In a plenary session at the European Parliament yesterday, there was an interesting conversation about consumer electronics that could lead to some very positive legislation for smartphone buyers in Europe. MEPs discussed how to ensure that goods and software are easier to repair and update. Essentially, they want to tackle the industry propensity towards planned obsolescence and regular upgrades. Read More
Google's ongoing regulatory headaches in the EU have today resulted in a whopping $2.7 billion fine, the most significant regulatory penalty in the EU since the 2004 Microsoft decision. This fine stems from Google's handling of shopping searches and the way its own comparison tools are allegedly given preferential treatment. It's now up to Google to change its search practices, and that could affect the way it operates in other regions as well. Read More
In February this year, it was announced that new EU legislation would abolish roaming charges. Citizens of EU member states, as with anywhere else, have always had to pay exorbitant fees to use their mobiles abroad. Each country has certain networks that offer better roaming deals, but on average the costs have been immense. Thankfully, that all stops today, as the new 'Roam like at Home' law comes into effect. Read More
Europeans will know the pain of roaming charges. Head to another country on holiday or business and try and check email, or text the boss/wife/husband/partner/colleague/friend (delete as applicable) and you'll be hit with fees. However, in a good piece of news, the European Union, the legislative body that governs most of Europe, is set to abolish roaming charges by summer 2017. Fantastic! Read More
The new OnePlus 3T is a respectable if not earth-shattering update to the alternative flagship - see Ryan Whitwam's review for the full breakdown of the new phone and how it compares with the original OP3. It went on sale in the US last week, but now buyers in Europe also have a chance to get their hands on one. It's straight sales all the way - none of the ticket systems that OnePlus used to indulge in. Read More
It's no secret that Android is heavily integrated with Google search. Google Now (soon to be Google Assistant) is the primary voice assistant, and Google search is included on every device with the Google Play Store. According to Reuters, Google also pays device manufacturers to keep Google as the only search application on Android devices, and the European Union isn't thrilled.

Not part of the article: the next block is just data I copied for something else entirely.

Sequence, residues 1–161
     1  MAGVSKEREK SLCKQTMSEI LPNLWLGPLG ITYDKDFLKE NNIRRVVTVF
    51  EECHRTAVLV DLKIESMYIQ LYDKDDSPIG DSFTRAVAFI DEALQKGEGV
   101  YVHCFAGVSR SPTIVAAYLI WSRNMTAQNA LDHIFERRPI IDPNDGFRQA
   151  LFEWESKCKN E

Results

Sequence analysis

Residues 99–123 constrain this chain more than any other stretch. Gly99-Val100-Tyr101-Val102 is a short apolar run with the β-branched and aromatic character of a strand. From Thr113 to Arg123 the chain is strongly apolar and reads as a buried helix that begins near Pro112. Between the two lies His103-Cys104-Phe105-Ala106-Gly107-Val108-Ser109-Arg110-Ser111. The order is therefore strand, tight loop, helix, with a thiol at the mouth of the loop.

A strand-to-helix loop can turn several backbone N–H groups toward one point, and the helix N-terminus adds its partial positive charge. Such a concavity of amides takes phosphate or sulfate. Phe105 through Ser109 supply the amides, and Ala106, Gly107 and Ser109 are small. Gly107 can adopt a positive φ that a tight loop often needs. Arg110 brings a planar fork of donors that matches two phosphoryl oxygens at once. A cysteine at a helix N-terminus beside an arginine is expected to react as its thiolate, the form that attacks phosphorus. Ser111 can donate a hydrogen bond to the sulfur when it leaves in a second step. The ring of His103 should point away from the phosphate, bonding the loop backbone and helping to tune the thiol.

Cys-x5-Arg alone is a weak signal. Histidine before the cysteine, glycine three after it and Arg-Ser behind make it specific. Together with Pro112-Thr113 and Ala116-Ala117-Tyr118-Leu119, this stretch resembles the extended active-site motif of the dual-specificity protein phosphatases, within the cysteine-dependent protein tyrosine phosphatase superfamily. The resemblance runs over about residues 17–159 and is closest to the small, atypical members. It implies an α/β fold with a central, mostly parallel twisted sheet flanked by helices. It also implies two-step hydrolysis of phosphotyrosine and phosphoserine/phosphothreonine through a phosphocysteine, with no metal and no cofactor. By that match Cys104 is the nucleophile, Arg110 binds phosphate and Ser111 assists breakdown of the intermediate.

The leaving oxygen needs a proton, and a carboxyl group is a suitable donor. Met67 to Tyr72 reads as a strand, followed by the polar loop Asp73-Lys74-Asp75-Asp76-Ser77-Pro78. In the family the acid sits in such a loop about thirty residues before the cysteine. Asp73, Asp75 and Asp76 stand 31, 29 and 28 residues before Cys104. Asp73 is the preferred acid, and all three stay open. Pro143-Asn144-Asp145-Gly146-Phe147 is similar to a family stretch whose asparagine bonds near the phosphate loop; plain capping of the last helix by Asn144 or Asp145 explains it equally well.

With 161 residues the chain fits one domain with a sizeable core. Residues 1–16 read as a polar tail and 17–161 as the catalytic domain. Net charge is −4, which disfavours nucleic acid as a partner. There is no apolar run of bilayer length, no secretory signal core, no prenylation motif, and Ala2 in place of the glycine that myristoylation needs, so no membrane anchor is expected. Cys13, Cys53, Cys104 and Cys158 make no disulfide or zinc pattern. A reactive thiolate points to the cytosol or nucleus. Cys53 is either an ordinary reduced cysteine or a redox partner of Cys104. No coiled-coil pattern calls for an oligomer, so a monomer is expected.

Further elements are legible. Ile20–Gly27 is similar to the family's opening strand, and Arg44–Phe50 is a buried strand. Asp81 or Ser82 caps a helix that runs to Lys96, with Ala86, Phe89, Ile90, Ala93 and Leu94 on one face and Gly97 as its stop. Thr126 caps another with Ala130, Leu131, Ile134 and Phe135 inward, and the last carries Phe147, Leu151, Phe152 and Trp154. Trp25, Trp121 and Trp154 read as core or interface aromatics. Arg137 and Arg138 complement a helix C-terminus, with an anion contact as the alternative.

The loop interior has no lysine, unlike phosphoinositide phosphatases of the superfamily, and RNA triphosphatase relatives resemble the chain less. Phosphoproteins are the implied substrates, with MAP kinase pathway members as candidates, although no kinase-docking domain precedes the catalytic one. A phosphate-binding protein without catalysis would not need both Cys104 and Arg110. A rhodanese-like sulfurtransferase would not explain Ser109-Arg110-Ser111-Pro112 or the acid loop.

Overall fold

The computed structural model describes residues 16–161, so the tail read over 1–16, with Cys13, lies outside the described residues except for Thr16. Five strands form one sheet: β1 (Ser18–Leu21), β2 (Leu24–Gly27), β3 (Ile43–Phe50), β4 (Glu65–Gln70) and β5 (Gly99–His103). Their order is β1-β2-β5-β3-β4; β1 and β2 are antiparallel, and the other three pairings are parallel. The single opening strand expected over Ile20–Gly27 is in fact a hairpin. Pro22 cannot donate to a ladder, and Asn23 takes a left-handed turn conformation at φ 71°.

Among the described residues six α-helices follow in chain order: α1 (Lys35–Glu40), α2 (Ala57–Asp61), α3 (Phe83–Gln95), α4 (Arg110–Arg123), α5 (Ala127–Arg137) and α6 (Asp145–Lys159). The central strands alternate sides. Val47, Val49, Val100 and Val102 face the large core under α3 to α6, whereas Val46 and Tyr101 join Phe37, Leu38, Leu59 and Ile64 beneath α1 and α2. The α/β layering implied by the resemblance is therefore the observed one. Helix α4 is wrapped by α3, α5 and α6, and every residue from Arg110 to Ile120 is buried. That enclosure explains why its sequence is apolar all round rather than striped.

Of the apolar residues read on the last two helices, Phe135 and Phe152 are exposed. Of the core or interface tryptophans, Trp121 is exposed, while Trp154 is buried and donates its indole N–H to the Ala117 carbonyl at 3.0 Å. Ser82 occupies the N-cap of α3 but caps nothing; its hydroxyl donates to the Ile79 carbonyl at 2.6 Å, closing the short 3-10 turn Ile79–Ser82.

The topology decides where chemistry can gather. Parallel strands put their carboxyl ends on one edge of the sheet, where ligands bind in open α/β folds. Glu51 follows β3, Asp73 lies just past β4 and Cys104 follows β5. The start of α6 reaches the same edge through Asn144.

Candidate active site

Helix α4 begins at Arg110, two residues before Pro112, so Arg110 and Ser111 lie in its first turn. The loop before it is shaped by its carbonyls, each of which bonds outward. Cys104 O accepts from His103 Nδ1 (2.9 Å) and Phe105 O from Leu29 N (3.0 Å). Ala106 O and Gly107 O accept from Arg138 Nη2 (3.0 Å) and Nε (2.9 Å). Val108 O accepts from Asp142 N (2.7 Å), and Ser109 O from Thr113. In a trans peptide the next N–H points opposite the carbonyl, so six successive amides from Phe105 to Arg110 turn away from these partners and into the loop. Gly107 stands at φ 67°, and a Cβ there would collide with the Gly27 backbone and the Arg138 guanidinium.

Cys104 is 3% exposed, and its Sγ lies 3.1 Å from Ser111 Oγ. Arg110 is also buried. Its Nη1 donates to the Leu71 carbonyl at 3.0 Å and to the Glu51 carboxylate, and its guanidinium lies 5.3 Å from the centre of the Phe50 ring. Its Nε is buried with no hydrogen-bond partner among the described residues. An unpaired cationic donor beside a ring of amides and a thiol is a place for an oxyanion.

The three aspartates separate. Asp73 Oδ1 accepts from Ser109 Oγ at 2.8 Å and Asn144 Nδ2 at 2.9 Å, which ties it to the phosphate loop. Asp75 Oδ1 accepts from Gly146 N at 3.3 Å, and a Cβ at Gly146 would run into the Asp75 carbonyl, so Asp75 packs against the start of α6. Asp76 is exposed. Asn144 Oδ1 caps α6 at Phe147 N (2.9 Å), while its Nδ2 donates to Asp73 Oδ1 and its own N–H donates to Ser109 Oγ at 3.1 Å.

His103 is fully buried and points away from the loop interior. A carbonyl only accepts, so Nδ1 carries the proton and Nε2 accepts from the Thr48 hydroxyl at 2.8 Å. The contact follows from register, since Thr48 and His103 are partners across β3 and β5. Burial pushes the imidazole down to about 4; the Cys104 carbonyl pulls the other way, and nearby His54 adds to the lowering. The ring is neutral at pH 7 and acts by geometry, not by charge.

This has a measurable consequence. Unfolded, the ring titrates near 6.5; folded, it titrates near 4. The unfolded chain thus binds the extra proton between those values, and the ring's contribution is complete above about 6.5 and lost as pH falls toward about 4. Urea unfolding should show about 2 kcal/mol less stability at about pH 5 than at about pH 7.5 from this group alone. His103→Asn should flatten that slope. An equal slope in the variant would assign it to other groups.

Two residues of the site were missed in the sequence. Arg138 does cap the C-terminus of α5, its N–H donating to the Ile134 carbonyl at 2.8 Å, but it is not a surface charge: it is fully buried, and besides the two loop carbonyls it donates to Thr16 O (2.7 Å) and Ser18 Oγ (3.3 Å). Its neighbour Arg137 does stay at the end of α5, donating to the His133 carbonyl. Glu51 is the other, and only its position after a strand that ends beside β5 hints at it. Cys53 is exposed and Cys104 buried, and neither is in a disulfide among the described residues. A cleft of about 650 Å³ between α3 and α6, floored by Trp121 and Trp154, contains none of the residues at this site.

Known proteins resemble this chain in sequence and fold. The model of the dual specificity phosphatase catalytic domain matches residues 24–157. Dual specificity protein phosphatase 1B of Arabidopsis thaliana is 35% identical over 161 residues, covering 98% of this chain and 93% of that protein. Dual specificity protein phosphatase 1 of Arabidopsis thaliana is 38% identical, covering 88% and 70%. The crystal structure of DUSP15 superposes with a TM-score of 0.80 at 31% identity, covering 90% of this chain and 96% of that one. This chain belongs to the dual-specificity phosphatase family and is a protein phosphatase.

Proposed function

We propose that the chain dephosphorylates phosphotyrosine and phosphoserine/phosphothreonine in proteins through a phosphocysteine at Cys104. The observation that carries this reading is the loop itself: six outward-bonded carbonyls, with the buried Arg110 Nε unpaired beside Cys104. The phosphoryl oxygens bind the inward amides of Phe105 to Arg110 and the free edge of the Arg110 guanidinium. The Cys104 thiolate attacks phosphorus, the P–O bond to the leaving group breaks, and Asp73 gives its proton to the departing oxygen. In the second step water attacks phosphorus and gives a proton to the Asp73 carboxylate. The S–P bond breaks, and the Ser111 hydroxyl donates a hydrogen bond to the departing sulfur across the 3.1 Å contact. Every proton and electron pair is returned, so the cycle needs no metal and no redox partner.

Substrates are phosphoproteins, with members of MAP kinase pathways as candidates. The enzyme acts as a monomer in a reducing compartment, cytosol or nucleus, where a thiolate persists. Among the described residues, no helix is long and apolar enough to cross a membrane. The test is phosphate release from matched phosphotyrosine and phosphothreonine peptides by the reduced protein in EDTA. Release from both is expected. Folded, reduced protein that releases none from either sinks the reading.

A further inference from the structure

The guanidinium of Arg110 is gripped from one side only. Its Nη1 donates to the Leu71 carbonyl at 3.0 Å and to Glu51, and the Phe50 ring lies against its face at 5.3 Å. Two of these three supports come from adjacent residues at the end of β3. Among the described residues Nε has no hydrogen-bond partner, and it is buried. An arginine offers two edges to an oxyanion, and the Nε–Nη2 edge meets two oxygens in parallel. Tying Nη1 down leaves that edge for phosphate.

EU antitrust regulators are ordering Google's parent company, Alphabet, to cease providing incentives to keep Google search installed exclusively on Android devices. A 150+ page EU document outlines the issue, stating that Google "cannot punish or threaten" manufacturers for not complying with its conditions. Read More
Today, the EU filed antitrust charges against Google related to the Android mobile operating system. The internet is absolutely alight - both for and against the allegations the European Commission has levied at our favorite search company that also makes our favorite mobile operating system. The key complaints boil down to three core ideas.
- Google requires manufacturers to bundle Google Chrome and Google Search, and set Google as the default search provider on their devices if they are GMS (Google Mobile Services) partners. This, allegedly, reduces competition for apps that perform similar or identical functions.
- Google does not allow manufacturers to both be GMS partners and produce incompatible "forks" of Android on other, non-GMS devices.
The Nexus 6P has been in and out of stock in the US, but in most of the rest of the world, it's never been in stock at all — until now, that is.
We've received a few tips from our readers that the Nexus 6P is now being sold in the Google Store in several countries across Europe, and possibly even beyond that. So far, we're aware of availability in Germany, Spain, France, the Netherlands, and Portugal, but the same should be true for all the countries with the Euro as the official currency. Read More
Living in Europe and being able to easily buy a Nexus device have traditionally been mutually exclusive. With the possible exception of a couple of countries, getting your hands on a Nexus in Europe usually meant having to jump through a million hoops and deal with a very limited availability. Compounded with the fact that basically every other Nexus launch to date has been a fiasco in one way or another, you could count yourself lucky if you managed to grab one in time for Christmas.
Fortunately, Nexus manufacturers and Google have learned from their mistakes, and things have improved greatly compared to previous years. As a whole, preorders in the US went swimmingly, and today — barely a month after the US launch — the Nexus 5X is available to order in Europe. Read More